The detection announced Aug. 28 of an elusive subatomic particle forged in the sun's core was a crowning achievement in the 25-year international effort to design and build one of the most sensitive neutrino detectors in the world, a feat that directly involved Princeton University scientists and engineers, including CBE's Prof. Jay Benziger and his students. With ongoing improvements in its sensitivity, the Borexino neutrino detector located a mile beneath a mountaintop a
A photo of the scintillator vessel and shroud inside Borexino Solar Neutrino Detector at Gran Sasso in Italy. The detector consists of nested nylon vessels fabricated at Princeton that hold liquid scintillator.
A comparison of the ignition front dynamics for co-current and counter-current flow of hydrogen and oxygen in a Parallel Flow Channel PEM fuel cell. The color scale is for the local current density as a function of the axial position from the hydrogen inlet.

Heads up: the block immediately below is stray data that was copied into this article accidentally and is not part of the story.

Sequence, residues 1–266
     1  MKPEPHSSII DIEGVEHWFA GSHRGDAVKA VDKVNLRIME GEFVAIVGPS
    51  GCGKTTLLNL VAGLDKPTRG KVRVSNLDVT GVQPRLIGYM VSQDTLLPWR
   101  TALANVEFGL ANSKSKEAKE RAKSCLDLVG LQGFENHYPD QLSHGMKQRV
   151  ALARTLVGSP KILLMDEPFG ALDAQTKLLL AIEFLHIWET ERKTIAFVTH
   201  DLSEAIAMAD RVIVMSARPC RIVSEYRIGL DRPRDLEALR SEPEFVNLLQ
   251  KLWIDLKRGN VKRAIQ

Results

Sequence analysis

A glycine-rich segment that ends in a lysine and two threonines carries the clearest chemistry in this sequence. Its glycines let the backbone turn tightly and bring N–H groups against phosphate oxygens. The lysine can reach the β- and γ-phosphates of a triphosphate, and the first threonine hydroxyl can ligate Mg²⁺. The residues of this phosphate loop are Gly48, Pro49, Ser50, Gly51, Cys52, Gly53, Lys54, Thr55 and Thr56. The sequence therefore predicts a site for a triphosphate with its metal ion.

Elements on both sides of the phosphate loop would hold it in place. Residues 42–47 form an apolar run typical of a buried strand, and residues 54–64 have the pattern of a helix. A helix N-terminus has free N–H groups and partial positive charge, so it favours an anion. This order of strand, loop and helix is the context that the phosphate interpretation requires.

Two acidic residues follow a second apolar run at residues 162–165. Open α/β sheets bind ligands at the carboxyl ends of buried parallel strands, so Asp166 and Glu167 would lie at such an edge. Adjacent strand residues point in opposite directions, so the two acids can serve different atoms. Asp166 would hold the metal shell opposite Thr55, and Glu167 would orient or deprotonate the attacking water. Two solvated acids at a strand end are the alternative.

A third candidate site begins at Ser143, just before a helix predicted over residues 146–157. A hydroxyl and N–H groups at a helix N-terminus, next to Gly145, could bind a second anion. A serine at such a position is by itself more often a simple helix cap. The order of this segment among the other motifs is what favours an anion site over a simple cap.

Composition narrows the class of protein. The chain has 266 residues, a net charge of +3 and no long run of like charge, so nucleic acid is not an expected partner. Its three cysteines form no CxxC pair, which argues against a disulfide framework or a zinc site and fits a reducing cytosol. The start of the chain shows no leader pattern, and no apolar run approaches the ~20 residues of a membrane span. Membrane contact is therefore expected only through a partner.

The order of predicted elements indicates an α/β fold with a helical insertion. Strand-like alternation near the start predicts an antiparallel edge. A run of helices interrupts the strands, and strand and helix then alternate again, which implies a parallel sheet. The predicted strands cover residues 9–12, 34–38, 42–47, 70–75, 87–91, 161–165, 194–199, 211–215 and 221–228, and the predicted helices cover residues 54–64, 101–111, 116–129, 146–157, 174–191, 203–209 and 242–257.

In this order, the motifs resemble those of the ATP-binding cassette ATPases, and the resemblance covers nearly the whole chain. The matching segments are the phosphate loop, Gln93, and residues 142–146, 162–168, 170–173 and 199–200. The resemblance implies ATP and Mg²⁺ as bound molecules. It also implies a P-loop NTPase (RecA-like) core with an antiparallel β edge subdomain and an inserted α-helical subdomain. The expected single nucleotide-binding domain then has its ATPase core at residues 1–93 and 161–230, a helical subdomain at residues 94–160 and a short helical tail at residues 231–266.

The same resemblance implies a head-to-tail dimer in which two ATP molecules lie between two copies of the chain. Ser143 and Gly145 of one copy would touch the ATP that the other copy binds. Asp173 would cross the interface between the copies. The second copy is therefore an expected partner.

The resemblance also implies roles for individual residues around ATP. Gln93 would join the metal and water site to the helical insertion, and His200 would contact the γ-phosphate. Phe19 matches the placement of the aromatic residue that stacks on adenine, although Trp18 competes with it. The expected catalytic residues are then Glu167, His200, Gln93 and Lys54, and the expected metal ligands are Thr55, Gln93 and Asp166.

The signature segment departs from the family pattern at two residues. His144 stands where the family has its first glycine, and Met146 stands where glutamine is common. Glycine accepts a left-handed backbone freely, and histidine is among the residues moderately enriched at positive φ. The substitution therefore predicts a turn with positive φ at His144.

A comparison of the local current density for co-current and counter-current flow of hydrogen and oxygen in a segmented anode PEM fuel cell. Current ignition is indicated by a jump in the current from near zero to ~ 100mA.The top two are the experimental currents for co-current flows (left) and counter-current flows (right). The bottom two are reaction-diffusion model simulations.
When Princeton University engineers want to increase the power output of their new fuel cell, they just give it a little more gas -- hydrogen gas, to be exact. This simple control mechanism, which varies the flow of hydrogen fuel to control the power generated, was previously thought impossible and is a potentially major development in fuel cell technology.